Sometimes, this is just how the world of fishing goes. You can have a huge fish on your line, and then it comes off. There are two things you can do from here. Sit around thinking about the big bass you lost, or get right back to fishing so you can catch the next fish.
I decided to move right back into fishing. I tried to cast where this fish was at before I lost him, and sure enough I got another bite! It wasn’t from the same fish, but a much smaller bass. I was still happy and excited to catch my first fish of the day.
Not too long after catching my bass, my dad caught a good sized Largemouth Bass. He was using a Rage Tail Structure Bug that was Texas Rigged. Shortly after casting into some submerged timber, my dad felt a fish and set the hook only to find a nice bass on the end of his line. This was a solid bass and a great fish to catch on any river.
The fishing was heating up and it was quickly turning into a successful day in terms of fishing.
Small Tackle, Big Bass
Typically, if I am going after large bass I will use my medium heavy action baitcasting rod and reel setup. However, sometimes I throw a light action spinning rod with a Rooster Tail on it. I do this to target Guadalupe Bass (which are abundant on the San Saba River). I was beginning to approach a small section of rapids and decided to switch from my big bass setup to my light spinning rod and reel in order to catch some Guadalupe Bass. I casted into the flowing water and about 5 seconds after retrieving the Rooster Tail I got a hit from a good fish.
I thought this was a big Guadalupe Bass, but it was actually a good sized Largemouth Bass!
I was extremely cautious reeling in this fish, as he was in current and I only had a light action rod with 4 lb monofilament tied to my lure. It took me a while, but I soon reeled in this nice bass and was relieved that my setup didn’t break. I never intend on catching bass this size with such a small setup, but it does happen every so often.
What I can say is that it is a blast to catch fish this size on light setups. Your rod is bent like a rainbow, your line is stretching, and at any moment you know your line could simply snap.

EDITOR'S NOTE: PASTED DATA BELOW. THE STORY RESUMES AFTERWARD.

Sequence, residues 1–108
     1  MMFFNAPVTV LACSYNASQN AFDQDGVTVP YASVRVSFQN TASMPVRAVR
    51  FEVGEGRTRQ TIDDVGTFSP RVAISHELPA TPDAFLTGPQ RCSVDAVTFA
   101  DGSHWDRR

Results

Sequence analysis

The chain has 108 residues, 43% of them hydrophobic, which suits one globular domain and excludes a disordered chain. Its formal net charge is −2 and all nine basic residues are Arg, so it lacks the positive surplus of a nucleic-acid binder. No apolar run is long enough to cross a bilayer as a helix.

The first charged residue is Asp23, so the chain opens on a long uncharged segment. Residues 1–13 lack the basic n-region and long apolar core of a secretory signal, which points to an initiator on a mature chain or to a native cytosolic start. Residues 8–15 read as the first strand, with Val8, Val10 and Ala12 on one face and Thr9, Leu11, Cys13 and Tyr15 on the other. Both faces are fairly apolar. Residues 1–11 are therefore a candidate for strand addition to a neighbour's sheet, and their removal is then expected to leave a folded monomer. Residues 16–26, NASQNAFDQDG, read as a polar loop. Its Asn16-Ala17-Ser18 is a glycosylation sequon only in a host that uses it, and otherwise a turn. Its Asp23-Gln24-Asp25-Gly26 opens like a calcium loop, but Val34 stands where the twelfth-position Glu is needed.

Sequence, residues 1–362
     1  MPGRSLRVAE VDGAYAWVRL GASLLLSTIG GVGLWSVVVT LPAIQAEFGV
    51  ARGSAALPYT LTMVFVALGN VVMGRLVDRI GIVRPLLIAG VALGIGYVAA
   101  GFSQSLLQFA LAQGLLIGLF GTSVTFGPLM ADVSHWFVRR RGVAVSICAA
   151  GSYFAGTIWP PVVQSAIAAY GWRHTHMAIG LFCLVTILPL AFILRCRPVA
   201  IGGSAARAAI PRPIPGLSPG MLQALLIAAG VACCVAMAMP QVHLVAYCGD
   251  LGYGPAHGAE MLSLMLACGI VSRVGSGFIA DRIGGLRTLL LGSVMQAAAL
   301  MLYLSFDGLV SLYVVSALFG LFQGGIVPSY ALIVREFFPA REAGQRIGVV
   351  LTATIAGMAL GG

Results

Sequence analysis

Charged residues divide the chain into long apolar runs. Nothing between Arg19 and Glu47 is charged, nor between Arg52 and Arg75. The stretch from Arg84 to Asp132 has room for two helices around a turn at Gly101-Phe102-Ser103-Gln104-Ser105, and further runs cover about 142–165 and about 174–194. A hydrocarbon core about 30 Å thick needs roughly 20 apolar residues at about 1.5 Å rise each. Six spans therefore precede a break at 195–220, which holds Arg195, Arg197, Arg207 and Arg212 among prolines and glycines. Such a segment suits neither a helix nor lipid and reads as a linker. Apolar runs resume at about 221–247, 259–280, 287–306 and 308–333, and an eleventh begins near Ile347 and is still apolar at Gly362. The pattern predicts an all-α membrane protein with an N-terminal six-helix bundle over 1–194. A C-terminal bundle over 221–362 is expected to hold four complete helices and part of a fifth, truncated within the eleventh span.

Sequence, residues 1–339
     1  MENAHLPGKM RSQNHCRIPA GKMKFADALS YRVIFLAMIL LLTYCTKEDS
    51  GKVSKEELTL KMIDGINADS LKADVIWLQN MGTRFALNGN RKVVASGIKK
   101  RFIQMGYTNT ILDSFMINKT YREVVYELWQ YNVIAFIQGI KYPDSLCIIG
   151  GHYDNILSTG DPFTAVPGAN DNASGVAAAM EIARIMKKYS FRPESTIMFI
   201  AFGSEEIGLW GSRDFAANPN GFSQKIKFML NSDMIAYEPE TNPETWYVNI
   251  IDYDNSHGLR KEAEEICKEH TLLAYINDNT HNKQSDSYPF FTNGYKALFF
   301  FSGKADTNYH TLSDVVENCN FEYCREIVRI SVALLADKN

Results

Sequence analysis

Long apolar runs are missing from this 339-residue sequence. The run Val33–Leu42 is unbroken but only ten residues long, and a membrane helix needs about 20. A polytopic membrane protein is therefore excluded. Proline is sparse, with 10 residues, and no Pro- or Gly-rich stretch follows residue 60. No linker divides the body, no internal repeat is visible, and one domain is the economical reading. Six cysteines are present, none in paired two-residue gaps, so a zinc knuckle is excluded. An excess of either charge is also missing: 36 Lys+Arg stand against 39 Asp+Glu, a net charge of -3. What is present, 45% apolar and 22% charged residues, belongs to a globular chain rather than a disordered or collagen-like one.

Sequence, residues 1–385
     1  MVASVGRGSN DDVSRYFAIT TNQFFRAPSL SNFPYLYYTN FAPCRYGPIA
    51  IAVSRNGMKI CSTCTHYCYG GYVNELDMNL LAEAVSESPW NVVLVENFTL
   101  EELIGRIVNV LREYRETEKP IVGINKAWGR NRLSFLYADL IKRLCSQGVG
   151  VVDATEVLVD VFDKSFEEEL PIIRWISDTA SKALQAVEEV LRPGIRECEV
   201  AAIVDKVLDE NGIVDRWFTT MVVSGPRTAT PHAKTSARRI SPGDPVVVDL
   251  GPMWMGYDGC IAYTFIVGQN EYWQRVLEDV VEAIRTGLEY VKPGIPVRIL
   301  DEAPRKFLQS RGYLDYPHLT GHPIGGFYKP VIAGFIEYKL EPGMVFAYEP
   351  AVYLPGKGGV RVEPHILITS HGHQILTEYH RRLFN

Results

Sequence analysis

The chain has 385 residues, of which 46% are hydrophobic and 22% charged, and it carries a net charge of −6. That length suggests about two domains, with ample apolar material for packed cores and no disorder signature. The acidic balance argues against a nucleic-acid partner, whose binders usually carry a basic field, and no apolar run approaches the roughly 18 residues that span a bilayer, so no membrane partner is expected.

It is quite the challenge and was a great fish to catch.
As the day progressed, I went on to catch a few more good bass, all on the same light tackle setup. The only change I made was going to a 1/16 oz. jig head with a tube on the end of it. Although I rarely fish with such a small setup and specifically target bass, I thought it would be fun and exciting to see what else I could catch with such light tackle.
In total, I think I caught around 9 bass and my dad caught around 2. Not a bad day fishing at all.
Wrapping Things Up
After catching quite a few good size bass, we began to head back upstream to our put in / take out location. Although the increased flow was awesome coming downstream, it provided quite a bit of resistance headed upstream. Me and my dad had to walk about a quarter mile through fast flowing rapids in order to get to calmer water where we could start to paddle again.
After reaching the end of the rapids we were able to paddle the rest of the way back to finish up a great day.
Out of all my trips to the San Saba River, I’d have to say this was one of the best in terms of fishing…probably overall experience as well. The water was flowing nice and clean, there were good fish, and it was simply a great time out on the water with my dad.
I will definitely be back, but from now on I probably will only come to the San Saba River if it is flowing at 200 CFS - 400 CFS. In the past, the 100 CFS flow I was accustomed to was okay, but 200-400 CFS seems to be the ideal flow for this section of the San Saba River. The flow for this day was about perfect and made a huge difference.
All said and done, this was a great day out on the water, and a great day fishing….then again, is there such a thing as a bad day out on the water or a bad day of fishing?